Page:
Some cool iPhone News images:
SnowSeekers iPhone App 586I_7177_r
Image by N A I T
Members of the SnowSeekers team.
Back row left - Brandon Boucher and Will Colford. Left front - Barb Martowski. Right - Jim Barr/Doc Pow and Dan Moore.
ABOUT SNOWSEEKERS INC.:
SnowSeekers™ Inc., recently recognized as one of Canada’s most innovative companies, is a new media company that specializes in delivering its audience the “best of the best” from the snow-filled destinations of Alberta and British Columbia. With a national TV series, an e-news magazine at www.snowseekers.ca and the SnowSeekers Go-Guide iPhone App, it is SnowSeekers Inc.’s mission is to provide the best information possible through first-person experiences for those planning winter vacations in Western Canada.
Image by CoDiFi
Vesuvio Café in North Beach, San Francisco.
Photographs in this collection have been produced by Heather Do, Connor Rowe, Kathleen Markham, Alison Lowrie, Kenneth Chiu, Katie Salmond, Diana Chavez, Elena Toffalori, Ashley Vink, Aimee O'Dea, Liz Dolinar, Allison Barden, Justine Khoury, Daniele Alaniz-Roux, and Justin Thach at the request of Michael Ashley for the UC Berkeley Anthropology 136e class, Spring 2011. The purpose was to digitally document the cultural heritage of Vesuvio Café to not only document the cultural history embeded into the ageless walls but also to connect spatially the symbiotic relationship that preserves the legacy of beatnik culture today.
Vesuvio Cafe, (37.79757°N 122.40625°W), located in the North Beach region of San Francisco Bay, is a cultural bastion preserving the cultural heritage of bohemian era and the beatnik culture that generated its establishment by Henri Lenoir in 1949 and made infamous by the renown authors such as Jack Kerouac from which the adjacent alley is named. The building in which the bar is housed is otherwise known as the Cavalri building built in 1913 and expanded to a second story in 1918 and designed by Zanolini with Italian Renaissance revival elements. The transient existence of these unkempt literary members and their constituents is reflected in the liminal location of the former saloon restaurant at the border between the vagrant Chinese- Italian communities; by 1970, most of the diverse cultures regressed into economical housing . Vesuvio Café despite its rich history back to the 1950’s , are not historically preserved site; in fact, they were rented until 1999 by managers Chris and Janet Clyde, whose proprietary hopes to protect the building from other commercial interest. Over the years, Vesuvio has undergone its share of renovations and damages such as the 1999 retrofitting for earthquake safety or even the 1973 damage dealt to the building by an errant bus. Over the years, the "I'll never forget after the retro-ﬁtting, one man came in, he was about 55 years old and in a business suit," Clyde said. "He actually had tears in his eyes when he looked at the place. He said, `You didn't change anything.' Vesuvio has kept its character as a neighborhood bar.”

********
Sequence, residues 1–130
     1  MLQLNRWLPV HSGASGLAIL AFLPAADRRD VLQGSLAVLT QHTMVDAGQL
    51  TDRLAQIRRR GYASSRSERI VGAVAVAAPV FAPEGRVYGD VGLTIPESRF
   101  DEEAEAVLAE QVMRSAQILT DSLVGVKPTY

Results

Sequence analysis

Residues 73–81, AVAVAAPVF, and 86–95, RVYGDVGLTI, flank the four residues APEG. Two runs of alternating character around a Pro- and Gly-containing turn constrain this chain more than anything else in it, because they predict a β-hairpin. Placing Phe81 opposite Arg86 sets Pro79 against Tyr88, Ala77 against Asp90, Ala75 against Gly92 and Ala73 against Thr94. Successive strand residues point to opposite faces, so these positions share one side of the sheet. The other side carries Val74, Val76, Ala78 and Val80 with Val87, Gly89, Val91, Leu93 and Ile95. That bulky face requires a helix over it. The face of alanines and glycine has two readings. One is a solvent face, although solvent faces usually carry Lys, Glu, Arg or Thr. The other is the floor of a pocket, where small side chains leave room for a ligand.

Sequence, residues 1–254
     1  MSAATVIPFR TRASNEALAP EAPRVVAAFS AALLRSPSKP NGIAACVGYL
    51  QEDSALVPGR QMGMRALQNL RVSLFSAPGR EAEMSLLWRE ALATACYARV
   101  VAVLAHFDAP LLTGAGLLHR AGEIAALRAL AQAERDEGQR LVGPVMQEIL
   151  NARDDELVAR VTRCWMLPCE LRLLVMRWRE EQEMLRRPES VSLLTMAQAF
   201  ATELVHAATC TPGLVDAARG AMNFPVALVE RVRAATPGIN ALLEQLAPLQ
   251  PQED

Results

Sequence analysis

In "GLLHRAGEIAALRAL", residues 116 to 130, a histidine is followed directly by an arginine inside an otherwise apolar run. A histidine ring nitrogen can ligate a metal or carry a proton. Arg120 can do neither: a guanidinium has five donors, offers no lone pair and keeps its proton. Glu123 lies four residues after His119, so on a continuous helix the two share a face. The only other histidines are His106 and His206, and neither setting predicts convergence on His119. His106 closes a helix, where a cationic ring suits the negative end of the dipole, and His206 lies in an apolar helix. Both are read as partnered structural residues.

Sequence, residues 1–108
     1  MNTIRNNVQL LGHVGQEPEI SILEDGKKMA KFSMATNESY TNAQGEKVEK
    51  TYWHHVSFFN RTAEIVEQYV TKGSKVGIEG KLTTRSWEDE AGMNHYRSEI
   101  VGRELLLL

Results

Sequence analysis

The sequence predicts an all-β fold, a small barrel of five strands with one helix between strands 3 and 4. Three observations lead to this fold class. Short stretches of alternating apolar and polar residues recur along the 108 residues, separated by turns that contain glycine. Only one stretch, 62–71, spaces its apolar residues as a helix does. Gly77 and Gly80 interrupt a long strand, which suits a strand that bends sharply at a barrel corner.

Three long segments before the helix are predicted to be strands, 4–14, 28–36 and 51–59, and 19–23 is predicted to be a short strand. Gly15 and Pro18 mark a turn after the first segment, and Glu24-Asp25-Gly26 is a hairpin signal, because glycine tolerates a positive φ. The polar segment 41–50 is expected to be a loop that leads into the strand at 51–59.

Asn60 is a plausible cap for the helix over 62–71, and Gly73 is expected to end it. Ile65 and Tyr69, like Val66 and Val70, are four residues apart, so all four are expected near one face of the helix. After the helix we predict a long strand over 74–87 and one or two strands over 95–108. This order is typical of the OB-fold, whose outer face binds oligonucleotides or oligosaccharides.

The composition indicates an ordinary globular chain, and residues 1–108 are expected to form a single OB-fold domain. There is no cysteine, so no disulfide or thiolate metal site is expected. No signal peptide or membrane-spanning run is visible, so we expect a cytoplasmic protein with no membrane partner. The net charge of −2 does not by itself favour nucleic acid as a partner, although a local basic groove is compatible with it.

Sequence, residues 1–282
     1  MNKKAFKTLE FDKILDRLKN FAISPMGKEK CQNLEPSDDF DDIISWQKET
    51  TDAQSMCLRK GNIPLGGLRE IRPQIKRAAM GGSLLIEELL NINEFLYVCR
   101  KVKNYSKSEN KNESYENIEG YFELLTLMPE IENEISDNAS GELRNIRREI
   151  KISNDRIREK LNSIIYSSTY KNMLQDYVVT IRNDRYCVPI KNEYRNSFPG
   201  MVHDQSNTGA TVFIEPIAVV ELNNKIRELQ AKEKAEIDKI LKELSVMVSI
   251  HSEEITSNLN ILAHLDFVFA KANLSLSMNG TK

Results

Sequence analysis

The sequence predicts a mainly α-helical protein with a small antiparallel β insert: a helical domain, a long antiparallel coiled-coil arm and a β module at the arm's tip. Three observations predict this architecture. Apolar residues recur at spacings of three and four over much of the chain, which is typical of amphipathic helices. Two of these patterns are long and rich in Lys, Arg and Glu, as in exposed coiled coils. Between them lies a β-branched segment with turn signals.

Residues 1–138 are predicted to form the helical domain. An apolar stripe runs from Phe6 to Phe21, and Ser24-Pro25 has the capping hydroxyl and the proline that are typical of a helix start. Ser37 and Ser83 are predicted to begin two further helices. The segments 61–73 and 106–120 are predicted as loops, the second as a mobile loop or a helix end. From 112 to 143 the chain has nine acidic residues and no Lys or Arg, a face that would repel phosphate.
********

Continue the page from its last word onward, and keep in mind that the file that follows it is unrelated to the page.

Photographs in this collection were shot on April 11, 2011 between 7:30 am and 5:00 pm Pacific Time under variable natural lighting due to cloudy skies with intermittent periods of morning exposure conditions. Photos were captured on the following cameras: Canon DSLR XTI/T2i, S95, Sony Cybershot, Canon Powershot. Lenses used include: Macro 60mm, Telephoto 70-200, Canon T2i 18-55mm, Canon XTI 17-85mm. A tripod was used for timelapse, Gigapan, macro, telephoto, HDR, and photogrammetry shots. iPhones were also used for documentation shots and Geo-tagging. The photos were post-processed in Adobe Photoshop Lightroom 3.
Description written by Kenneth Chiu, following Addison’s proposed virtual heritage metadata format in his chapter “The Vanishing Virtual” in New Heritage: New Media and Cultural Heritage, edited by Kalay, et al., and published by Routledge in 2007.
All photos Copyright ©2011 Center for Digital Archaeology, Berkeley CA, licensed under Creative Commons BY-NC 3.0 For more information contact Center for Digital Archaeology, Berkeley, CA, 94720 or visit www.codifi.info/licensing
All photos Copyright ©2011 Center for Digital Archaeology, Berkeley CA